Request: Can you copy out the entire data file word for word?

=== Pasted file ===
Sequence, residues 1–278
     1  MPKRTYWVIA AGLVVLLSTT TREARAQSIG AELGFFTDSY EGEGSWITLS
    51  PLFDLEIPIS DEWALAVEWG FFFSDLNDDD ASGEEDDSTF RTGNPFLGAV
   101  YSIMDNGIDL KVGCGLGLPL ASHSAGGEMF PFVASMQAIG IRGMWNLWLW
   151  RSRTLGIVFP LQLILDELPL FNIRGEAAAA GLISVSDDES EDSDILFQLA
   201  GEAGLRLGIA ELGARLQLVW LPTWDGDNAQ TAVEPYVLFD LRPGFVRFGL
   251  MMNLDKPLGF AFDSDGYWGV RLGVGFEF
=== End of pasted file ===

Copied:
Sequence, residues 1–278
     1  MPKRTYWVIA AGLVVLLSTT TREARAQSIG AELGFFTDSY EGEGSWITLS
    51  PLFDLEIPIS DEWALAVEWG FFFSDLNDDD ASGEEDDSTF RTGNPFLGAV
   101  YSIMDNGIDL KVGCGLGLPL ASHSAGGEMF PFVASMQAIG IRGMWNLWLW
   151  RSRTLGIVFP LQLILDELPL FNIRGEAAAA GLISVSDDES EDSDILFQLA
   201  GEAGLRLGIA ELGARLQLVW LPTWDGDNAQ TAVEPYVLFD LRPGFVRFGL
   251  MMNLDKPLGF AFDSDGYWGV RLGVGFEF